I recently had the fine luck to return to the fabulous Joe Creek Artist Retreat in Roberts Creek, BC for a week of plein air painting. The place is magic. It’s run by my friends; the equally magical Kendra Fanconi (playwright and human being extraordinaaire) and her hubbie Eric Rhys Miller, founders of place-based theatre company, The Only Animal Theatre Company. You must go! (Tell them I sent you!)
This was my second visit to the Magic Cabin at Joe Creek. Two years ago, following treatment and surgery, I got out there with family to work on some pieces for my first intensive plein air experience since being Gwaii Haanas National Park Artist In Residence and being diagnosed with cancer. A spell was cast over me, and I was instantly in love with everything about Joe Creek, Roberts Creek, Gibsons and the Sunshine Coast. I’ve been waiting two years to return, and this March was time!
I was able to produce 11 pieces during the time that I was there. I had a goal of 14 finished pieces but I had a bad chest cough and cut my painting thumb, necessitating a quick visit to the hospital in Sechelt. Two weeks later, the thumb is well on the mend, with no nerve damage and just a bit of extra sensitivity!
My purpose in getting out of doors to paint is always to learn. I find that being in the place, dialling in the shapes, colour and quick light one of the best things that a painter can do to learn about the world around them. It’s a lot of work, lugging gear, setting up and working quickly to capture the light…but the results are well worth it. Upon returning to the studio, I feel fresh, loosened up, less fearful of my mark-making and empowered!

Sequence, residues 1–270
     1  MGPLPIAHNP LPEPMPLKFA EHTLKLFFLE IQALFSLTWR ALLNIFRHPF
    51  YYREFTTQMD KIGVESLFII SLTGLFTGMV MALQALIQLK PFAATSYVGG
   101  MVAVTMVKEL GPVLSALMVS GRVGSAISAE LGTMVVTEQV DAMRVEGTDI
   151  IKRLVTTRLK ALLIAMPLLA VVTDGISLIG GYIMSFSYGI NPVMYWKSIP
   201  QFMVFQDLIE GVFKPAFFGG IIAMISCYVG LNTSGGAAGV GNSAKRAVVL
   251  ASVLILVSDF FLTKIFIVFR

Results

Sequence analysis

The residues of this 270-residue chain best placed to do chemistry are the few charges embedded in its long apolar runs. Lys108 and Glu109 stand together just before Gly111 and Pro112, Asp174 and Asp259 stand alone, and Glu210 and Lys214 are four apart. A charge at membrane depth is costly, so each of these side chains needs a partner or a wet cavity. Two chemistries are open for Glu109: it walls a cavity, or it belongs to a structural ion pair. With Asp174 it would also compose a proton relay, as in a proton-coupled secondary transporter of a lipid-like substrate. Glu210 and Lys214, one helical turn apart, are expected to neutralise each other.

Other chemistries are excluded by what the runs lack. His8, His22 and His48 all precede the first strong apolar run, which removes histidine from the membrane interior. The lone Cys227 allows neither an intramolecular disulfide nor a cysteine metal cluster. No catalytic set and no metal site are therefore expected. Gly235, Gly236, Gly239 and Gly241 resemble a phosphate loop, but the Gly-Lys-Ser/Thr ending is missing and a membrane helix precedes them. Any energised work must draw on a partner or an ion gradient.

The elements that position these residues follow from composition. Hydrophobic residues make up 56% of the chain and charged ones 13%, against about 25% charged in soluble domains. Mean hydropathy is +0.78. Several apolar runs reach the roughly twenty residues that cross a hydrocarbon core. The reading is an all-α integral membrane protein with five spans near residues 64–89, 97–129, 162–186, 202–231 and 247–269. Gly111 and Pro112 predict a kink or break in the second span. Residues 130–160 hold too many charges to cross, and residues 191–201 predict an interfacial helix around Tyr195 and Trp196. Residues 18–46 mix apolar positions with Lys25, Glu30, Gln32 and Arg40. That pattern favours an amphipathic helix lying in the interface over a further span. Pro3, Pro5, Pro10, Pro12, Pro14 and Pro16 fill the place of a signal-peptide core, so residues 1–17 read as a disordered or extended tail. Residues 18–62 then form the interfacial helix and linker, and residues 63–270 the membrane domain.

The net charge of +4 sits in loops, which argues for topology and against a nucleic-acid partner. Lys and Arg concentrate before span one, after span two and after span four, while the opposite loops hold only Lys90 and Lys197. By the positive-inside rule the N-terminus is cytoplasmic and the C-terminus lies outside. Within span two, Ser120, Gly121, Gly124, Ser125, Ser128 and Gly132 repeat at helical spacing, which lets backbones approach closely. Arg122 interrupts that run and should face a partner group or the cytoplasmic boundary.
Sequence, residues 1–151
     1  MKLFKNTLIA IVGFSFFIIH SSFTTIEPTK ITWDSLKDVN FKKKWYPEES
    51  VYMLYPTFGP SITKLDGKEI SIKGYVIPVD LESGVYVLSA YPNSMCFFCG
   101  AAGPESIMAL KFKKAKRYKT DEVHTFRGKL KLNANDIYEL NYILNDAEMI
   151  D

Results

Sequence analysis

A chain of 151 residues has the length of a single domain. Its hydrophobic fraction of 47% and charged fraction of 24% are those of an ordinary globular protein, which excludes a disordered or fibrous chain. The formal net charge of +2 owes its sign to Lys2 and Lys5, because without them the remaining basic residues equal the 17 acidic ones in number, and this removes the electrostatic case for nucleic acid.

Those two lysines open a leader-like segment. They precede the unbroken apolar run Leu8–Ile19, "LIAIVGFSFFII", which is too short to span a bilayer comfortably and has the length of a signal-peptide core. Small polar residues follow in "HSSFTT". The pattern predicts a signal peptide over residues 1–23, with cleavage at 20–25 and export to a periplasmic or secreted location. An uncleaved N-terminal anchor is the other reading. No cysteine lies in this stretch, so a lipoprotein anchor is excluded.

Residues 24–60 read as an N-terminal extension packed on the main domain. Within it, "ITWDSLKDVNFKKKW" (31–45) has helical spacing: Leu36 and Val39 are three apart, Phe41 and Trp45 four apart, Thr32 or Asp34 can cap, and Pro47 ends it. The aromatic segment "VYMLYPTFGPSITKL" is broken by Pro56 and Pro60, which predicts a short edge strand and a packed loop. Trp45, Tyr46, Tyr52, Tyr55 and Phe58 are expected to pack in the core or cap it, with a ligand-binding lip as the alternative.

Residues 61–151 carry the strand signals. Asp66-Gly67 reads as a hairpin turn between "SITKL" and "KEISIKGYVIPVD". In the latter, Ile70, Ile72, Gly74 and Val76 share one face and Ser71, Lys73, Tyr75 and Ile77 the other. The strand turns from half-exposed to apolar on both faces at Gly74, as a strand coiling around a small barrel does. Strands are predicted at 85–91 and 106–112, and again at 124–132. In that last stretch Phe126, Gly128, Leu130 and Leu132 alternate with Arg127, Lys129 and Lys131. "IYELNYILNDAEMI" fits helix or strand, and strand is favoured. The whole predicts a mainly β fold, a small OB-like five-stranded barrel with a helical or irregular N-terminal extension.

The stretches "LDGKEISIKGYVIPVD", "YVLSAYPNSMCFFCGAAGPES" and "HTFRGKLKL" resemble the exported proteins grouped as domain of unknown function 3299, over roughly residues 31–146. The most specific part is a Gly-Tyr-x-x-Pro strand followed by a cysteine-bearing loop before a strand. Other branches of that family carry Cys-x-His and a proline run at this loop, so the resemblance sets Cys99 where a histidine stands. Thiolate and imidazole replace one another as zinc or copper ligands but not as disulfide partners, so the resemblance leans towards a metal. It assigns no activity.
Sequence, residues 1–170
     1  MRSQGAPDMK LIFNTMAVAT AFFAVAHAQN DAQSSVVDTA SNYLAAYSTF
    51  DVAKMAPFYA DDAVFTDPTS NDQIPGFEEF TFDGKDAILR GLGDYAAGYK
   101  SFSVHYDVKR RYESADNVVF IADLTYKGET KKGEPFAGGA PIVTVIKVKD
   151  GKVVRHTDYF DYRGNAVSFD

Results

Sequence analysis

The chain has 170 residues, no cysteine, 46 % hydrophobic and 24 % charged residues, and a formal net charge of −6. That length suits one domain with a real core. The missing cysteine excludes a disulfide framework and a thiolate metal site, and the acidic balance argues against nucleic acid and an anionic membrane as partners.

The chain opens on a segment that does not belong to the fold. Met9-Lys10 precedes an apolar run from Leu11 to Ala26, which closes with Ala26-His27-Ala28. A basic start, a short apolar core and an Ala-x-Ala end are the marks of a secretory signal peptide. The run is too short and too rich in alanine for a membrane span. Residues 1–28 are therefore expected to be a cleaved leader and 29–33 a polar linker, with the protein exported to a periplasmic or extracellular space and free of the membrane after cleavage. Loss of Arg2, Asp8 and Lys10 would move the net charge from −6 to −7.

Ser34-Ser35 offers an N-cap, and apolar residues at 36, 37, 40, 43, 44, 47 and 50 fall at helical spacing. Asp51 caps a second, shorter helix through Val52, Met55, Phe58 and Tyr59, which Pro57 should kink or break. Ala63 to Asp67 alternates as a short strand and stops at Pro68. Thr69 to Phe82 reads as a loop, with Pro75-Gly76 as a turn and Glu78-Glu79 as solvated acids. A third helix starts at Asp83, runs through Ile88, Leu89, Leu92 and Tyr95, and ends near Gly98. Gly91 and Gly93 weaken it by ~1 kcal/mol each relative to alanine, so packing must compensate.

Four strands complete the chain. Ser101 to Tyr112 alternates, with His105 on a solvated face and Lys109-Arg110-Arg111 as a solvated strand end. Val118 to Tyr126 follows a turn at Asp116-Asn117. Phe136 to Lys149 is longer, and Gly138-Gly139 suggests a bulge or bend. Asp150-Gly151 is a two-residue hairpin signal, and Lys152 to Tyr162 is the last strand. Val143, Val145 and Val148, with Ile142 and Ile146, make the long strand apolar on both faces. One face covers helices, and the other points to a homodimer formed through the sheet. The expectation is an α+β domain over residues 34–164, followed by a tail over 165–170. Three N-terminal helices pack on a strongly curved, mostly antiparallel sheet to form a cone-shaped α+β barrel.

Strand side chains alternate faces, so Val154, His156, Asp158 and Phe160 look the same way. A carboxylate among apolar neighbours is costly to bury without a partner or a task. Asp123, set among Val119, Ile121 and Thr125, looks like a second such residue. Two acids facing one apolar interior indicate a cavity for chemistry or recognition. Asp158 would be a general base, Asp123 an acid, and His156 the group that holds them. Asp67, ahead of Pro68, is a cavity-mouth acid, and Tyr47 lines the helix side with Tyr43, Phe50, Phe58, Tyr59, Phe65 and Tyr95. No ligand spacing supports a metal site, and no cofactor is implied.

Painting Sunsets En Plein Air
The sunset pieces are a new thing for me. With only 3-4 minutes to really watch and see what unfolds in the sky and water, a good sunset plein air painting can be one of the greatest challenges for a painter. I didn’t attempt it until later in the week. My son and daughter were with me, and we went out in the evenings to enjoy the view. I realized, just watching one night – that this could be one of the best learning opportunities I could get, and so the next night I set up, premixed from memory what I thought I had seen in the landscape and nervously awaited the fireworks. It was one of the biggest painting rushes of my life, and I am thrilled with the results. In the future, I’m going to make a practice of capturing every coastal sunset that I can. It’s my new drug! Tell me what you think!
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